The hostile work environment definition refers to two elements: the legality and the well-being of the workplace. To make sure you have a happy and productive workplace, you need to define a hostile work environment by looking at both angles.
The legal definition of a hostile work environment
According to the law in the United States:
A ‘hostile work environment’ is a workplace where there are serious instances of harassment and discrimination against protected characteristics such as race, color, religion, sex and pregnancy, national origin, age (40 or older), disability or genetic information.
More specifically, this type of unwelcome conduct is potentially illegal when it’s severe or pervasive enough to result in creating a hostile work environment.
The Equal Employment Opportunity Commission (EEOC) indicates that “petty slights, annoyances, and isolated incidents (unless extremely serious)” aren’t considered illegal. This means that an employee might be able to file a successful lawsuit if they face unwelcome, discriminatory conduct (e.g. racial slurs) on a regular basis, but they might not be able to win a legal battle about a single off-hand insult.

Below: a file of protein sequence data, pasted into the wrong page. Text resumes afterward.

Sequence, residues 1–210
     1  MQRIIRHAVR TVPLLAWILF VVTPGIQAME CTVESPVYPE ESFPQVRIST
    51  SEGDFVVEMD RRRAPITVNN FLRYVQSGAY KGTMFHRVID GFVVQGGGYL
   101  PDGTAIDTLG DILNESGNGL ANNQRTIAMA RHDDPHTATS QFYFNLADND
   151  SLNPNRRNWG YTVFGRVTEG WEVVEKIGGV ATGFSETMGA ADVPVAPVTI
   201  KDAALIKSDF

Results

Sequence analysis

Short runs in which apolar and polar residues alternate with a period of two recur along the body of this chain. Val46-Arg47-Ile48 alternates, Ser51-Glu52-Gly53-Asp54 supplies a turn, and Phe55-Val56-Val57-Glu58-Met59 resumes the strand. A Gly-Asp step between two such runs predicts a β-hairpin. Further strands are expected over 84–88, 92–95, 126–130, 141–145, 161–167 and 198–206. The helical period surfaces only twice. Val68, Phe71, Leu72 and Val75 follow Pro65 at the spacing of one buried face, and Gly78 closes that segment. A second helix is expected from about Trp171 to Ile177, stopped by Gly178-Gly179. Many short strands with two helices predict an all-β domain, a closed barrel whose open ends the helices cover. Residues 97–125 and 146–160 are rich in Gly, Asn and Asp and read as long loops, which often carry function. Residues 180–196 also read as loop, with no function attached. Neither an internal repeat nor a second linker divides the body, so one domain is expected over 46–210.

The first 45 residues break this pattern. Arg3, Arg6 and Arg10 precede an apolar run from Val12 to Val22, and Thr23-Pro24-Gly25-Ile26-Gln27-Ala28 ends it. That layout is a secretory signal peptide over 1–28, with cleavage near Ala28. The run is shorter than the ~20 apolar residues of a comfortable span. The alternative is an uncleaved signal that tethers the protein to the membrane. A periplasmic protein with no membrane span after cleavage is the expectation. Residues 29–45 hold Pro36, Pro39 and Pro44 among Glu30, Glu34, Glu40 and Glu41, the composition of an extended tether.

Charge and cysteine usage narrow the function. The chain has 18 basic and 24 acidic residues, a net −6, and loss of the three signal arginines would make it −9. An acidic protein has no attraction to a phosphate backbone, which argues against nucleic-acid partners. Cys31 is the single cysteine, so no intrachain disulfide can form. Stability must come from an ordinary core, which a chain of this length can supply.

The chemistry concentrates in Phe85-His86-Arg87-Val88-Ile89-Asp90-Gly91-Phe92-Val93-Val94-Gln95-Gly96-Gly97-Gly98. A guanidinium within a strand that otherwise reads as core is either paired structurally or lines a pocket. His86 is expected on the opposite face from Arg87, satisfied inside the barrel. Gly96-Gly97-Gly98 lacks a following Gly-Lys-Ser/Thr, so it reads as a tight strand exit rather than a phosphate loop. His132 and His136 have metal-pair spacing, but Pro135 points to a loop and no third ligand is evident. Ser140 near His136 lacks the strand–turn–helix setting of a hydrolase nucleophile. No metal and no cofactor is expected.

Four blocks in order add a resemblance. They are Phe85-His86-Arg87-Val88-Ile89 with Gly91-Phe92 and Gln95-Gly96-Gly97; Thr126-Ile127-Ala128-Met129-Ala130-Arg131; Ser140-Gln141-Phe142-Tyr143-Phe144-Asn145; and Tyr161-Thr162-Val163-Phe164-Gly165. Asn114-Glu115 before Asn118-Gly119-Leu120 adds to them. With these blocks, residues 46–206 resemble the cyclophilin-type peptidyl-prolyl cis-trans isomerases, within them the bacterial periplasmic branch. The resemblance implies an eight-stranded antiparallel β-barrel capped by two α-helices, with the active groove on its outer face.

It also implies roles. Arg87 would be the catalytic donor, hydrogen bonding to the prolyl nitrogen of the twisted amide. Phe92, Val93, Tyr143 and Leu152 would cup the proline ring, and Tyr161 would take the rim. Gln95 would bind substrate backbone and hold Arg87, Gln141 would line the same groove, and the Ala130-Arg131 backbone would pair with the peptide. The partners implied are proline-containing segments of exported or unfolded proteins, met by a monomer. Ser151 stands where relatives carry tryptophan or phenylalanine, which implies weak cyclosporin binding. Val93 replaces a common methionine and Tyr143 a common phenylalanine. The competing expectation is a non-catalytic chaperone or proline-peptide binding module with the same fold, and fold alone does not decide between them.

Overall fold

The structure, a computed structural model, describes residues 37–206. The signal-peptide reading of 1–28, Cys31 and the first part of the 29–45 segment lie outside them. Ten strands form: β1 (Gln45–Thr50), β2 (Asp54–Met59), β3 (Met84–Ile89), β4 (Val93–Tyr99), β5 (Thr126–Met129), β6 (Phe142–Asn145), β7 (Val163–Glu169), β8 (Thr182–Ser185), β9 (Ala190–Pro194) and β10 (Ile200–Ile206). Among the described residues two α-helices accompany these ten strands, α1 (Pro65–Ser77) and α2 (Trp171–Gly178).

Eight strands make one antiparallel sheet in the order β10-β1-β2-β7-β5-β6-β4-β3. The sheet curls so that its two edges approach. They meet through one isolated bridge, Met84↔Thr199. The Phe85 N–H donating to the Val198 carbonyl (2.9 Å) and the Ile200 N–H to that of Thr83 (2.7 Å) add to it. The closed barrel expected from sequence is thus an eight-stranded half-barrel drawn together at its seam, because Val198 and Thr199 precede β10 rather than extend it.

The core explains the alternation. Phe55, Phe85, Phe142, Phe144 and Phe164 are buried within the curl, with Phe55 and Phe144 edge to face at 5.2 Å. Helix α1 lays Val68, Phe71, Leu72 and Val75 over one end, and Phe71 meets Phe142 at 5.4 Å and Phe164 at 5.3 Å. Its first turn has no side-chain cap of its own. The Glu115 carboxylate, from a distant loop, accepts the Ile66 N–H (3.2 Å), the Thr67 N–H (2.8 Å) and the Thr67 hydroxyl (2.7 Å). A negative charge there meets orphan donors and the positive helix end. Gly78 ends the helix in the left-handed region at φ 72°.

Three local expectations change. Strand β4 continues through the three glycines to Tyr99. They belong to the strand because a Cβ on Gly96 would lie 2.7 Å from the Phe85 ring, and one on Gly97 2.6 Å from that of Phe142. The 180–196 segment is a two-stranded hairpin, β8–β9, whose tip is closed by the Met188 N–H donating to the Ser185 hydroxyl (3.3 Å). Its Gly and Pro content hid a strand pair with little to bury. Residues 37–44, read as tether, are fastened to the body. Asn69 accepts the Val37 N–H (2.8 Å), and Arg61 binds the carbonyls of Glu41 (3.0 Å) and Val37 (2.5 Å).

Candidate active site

|Note that neither Workable nor the author provide legal advice. Always consult an attorney for legal matters.
The well-being of a workplace goes beyond laws
Based on the hostile work environment definition above, not every unpleasant workplace can result in legal trouble. If your colleagues steal another colleague’s lunch, gossip about that colleague’s personal life, play a cruel prank on a colleague or make a single sexist joke, you have some hostile work environment examples that are probably not illegal. But, consider that:
- Any kind of unwelcome conduct, whether illegal or not, makes people feel unsafe and unhappy. Apart from the ethical concerns, tolerating unwelcome conduct can reduce employee productivity, engagement and retention, and also affect the company’s employer brand.
- Victimization and harassment against people in the workplace, even if they’re not on the basis of protected characteristics, lay the foundation of unlawful behavior. For example, if someone gets away with making disrespectful or inappropriate comments against their colleagues, they might decide to attempt more severe conduct, too.
So, in that sense, we can broaden the meaning of hostile work environment to go beyond legality:
A hostile work environment is any workplace where at least one reasonable employee feels disrespected, humiliated or ignored, and these feelings can be detrimental for work relationships and business results.
If you suspect that someone bullies, offends or victimizes others, or if you’ve been the recipient of this conduct, step up and take measures against this behavior, whether it’s reporting to HR, talking directly with the offender or taking other appropriate actions. This will not only be important for the well-being of your workplace, but it’s also simply the right thing to do.
Learn more about the hostile work environment definition and find out ways to recognize and deal with a hostile work environment in our guide.
Want more definitions? See our complete library of HR Terms.